"Desperate"? For what purpose? Look, I agree with your earlier assessment that Rice shouldn't have said anything she didn't know to be 100 percent certain without citing other possible scenarios.Delete
This is where the whole right-wing conspiracy theory about Benghazi falls completely apart. You can't come up with a single reason that the entire Obama administration would have for spinning a tale about how this attack grew from a spontaneous demonstration.
Sorry, but "we got terrorism on the run" ain't it. You'd have to be a damned fool to think terrorism could have been stopped worldwide in four years any more than murder could be stopped in the United States.
people born before September 16 may remember Obama skirting the War Powers Act to intervene in Libya--an intervention that was not popular in his own cabinet with Defense Secretary Gates notably against the idea. rice, powers and clinton along with obama decided to intervene without approval from congress (which would have given them cover later). so obama rice clinton and powers own this thing. when something went wrong they tried to shift the blame at least partially to right wingers producing instability. so there is a very clear political motivation for rice. doesn't mean she lied on TV, but she did have reason to skew the public's view of events in libya.
Looks like Jonathan Alter may have a broken soul. He dared to opine that Kerry is a better pick for SOS than Rice. Watch this space for a takedown of Alter.Delete
Is there any chance in hell that the NYT editorial staff is as mortified by this disgraceful Dowd performance as it should be?ReplyDelete
The people that believed that Saddam Hussein MUST have WMD were basing that conclusion on the best possible evidence at hand, and they were using good reasoning to reach that conclusion.ReplyDelete
Of course, we hadn't heard from Joe Wilson yet. We only heard the President, Vice-President, National Security Advisor, and the Secretary of State. Who ya gonna believe?
The problem: The conclusion, logical as it was, was wrong.
As far as spinning out of control, Republican leaders have ignored John McCain's interpretation, which is a highly inadequate construct from the mind of a doddering old fool.
Some Republicans have entered a temporary fugue state of mental clarity resulting from a dose of reality.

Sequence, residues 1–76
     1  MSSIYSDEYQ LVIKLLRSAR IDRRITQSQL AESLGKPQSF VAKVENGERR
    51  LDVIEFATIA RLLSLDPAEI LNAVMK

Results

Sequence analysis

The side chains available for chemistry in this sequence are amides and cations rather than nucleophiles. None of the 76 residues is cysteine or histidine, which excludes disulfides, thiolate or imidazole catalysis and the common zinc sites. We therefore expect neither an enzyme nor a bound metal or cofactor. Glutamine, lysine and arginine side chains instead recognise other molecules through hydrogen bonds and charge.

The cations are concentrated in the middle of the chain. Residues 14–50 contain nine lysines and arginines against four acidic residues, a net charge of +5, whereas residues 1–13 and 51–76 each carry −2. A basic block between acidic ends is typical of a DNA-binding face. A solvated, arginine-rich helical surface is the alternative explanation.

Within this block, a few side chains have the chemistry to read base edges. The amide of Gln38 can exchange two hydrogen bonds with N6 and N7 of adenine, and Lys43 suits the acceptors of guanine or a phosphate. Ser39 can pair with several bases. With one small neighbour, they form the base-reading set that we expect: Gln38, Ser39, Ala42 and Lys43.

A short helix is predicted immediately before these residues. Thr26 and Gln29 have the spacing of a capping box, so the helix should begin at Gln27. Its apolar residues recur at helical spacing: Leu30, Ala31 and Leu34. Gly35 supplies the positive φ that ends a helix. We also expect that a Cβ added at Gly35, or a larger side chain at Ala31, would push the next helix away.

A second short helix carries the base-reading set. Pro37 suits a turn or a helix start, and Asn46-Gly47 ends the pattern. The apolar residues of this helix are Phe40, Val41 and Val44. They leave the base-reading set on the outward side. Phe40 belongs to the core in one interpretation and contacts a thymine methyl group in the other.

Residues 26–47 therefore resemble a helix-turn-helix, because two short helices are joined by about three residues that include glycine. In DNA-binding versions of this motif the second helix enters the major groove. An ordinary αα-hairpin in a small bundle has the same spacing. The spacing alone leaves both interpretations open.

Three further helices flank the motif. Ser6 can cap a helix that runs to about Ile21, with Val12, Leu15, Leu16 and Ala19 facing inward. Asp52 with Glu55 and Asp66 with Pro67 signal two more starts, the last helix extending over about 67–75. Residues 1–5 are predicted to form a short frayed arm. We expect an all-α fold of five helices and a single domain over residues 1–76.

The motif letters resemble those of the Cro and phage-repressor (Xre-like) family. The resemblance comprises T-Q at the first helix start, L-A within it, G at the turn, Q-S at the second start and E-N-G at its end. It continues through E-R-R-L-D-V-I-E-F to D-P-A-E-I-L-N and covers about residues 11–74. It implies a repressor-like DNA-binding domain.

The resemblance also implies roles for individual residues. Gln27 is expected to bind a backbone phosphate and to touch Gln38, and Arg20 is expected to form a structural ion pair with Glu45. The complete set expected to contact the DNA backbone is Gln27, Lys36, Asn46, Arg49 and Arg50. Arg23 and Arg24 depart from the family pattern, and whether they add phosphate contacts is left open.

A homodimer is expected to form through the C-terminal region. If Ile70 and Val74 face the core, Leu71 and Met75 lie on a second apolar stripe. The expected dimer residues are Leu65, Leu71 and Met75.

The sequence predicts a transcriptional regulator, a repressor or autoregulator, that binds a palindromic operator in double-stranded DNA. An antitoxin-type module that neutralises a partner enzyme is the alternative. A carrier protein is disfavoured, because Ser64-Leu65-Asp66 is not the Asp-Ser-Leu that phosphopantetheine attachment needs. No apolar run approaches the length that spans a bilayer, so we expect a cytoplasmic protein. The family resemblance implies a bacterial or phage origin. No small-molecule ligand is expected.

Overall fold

Obviously, some haven't.
Don't forget that the U.N. sent in Hans Blix and a team of inspectors once the pressure got to Saddam and he let them back in.Delete
Blix was reporting that the U.N. team could find nothing, so the right wing spin was that Saddam hid all his WMDs before they got there, and/or Blix was too inept and too dumb to find them.
So Bush invaded anyway.
If one listens closely to McCain's statements they appear to be caused by the onset of dementia.Delete
The Associated Press reports:ReplyDelete
Little sign of Libyan probe into consulate attack
BENGHAZI, Libya (AP) — After more than two months, Libya's investigation into the attack on the U.S. Consulate in Benghazi appears in limbo. Key security commanders and witnesses say they were never questioned. No suspects have been named, and gunmen seen participating in the assault walk freely in the eastern Libyan city.
Evidently the Administration means to permanently cover up their mishandling of this matter. It's nice to see the AP finally putting some pressure on them to come clean.
Unlike the republicans the administration will not waste resources in search of a scandal that does not exist. Like "Fast and Furious" the administration cannot "play ball" with every hyped problem the republicans struggle to manufacture. It isn't as if there were four dead in Ohio. Once again, republicans are exposing their disrespect and resentment toward an administration they do not control, which is the real scandal behind Benghazi.Delete
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It is a shame that some journalists believe they did their leg work by paying attention at DC cocktail parties. Stories planted by a manipulator are given legs by several reporters or friends of reporters who have been told the plutocrats' consensus story. The inflated egos of reporters refuse to accept that their buddies, the mandarins of the inner circle, would misinform them off the record. Since the cocktail circuit is generally considered leg-work among reporters the only necessary step is to weave in the talking points with filler and the next day's column is written - and it wasn't even past midnight.ReplyDelete